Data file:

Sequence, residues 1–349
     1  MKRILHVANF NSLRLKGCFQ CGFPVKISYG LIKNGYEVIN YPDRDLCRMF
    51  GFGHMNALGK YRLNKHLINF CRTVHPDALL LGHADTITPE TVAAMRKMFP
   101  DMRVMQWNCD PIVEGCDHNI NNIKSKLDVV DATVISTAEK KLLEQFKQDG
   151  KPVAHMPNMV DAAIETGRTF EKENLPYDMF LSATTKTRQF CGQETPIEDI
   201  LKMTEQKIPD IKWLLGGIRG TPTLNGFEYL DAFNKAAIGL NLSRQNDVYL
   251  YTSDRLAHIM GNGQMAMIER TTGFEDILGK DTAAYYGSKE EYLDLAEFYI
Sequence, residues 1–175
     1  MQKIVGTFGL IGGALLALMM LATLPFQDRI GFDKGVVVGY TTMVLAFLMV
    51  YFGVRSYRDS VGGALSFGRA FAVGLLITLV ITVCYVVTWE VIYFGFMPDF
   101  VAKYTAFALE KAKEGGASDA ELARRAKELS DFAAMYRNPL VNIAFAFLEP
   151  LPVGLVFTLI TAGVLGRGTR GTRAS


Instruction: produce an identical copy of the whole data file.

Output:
Sequence, residues 1–349
     1  MKRILHVANF NSLRLKGCFQ CGFPVKISYG LIKNGYEVIN YPDRDLCRMF
    51  GFGHMNALGK YRLNKHLINF CRTVHPDALL LGHADTITPE TVAAMRKMFP
   101  DMRVMQWNCD PIVEGCDHNI NNIKSKLDVV DATVISTAEK KLLEQFKQDG
   151  KPVAHMPNMV DAAIETGRTF EKENLPYDMF LSATTKTRQF CGQETPIEDI
   201  LKMTEQKIPD IKWLLGGIRG TPTLNGFEYL DAFNKAAIGL NLSRQNDVYL
   251  YTSDRLAHIM GNGQMAMIER TTGFEDILGK DTAAYYGSKE EYLDLAEFYI
Sequence, residues 1–175
     1  MQKIVGTFGL IGGALLALMM LATLPFQDRI GFDKGVVVGY TTMVLAFLMV
    51  YFGVRSYRDS VGGALSFGRA FAVGLLITLV ITVCYVVTWE VIYFGFMPDF
   101  VAKYTAFALE KAKEGGASDA ELARRAKELS DFAAMYRNPL VNIAFAFLEP
   151  LPVGLVFTLI TAGVLGRGTR GTRAS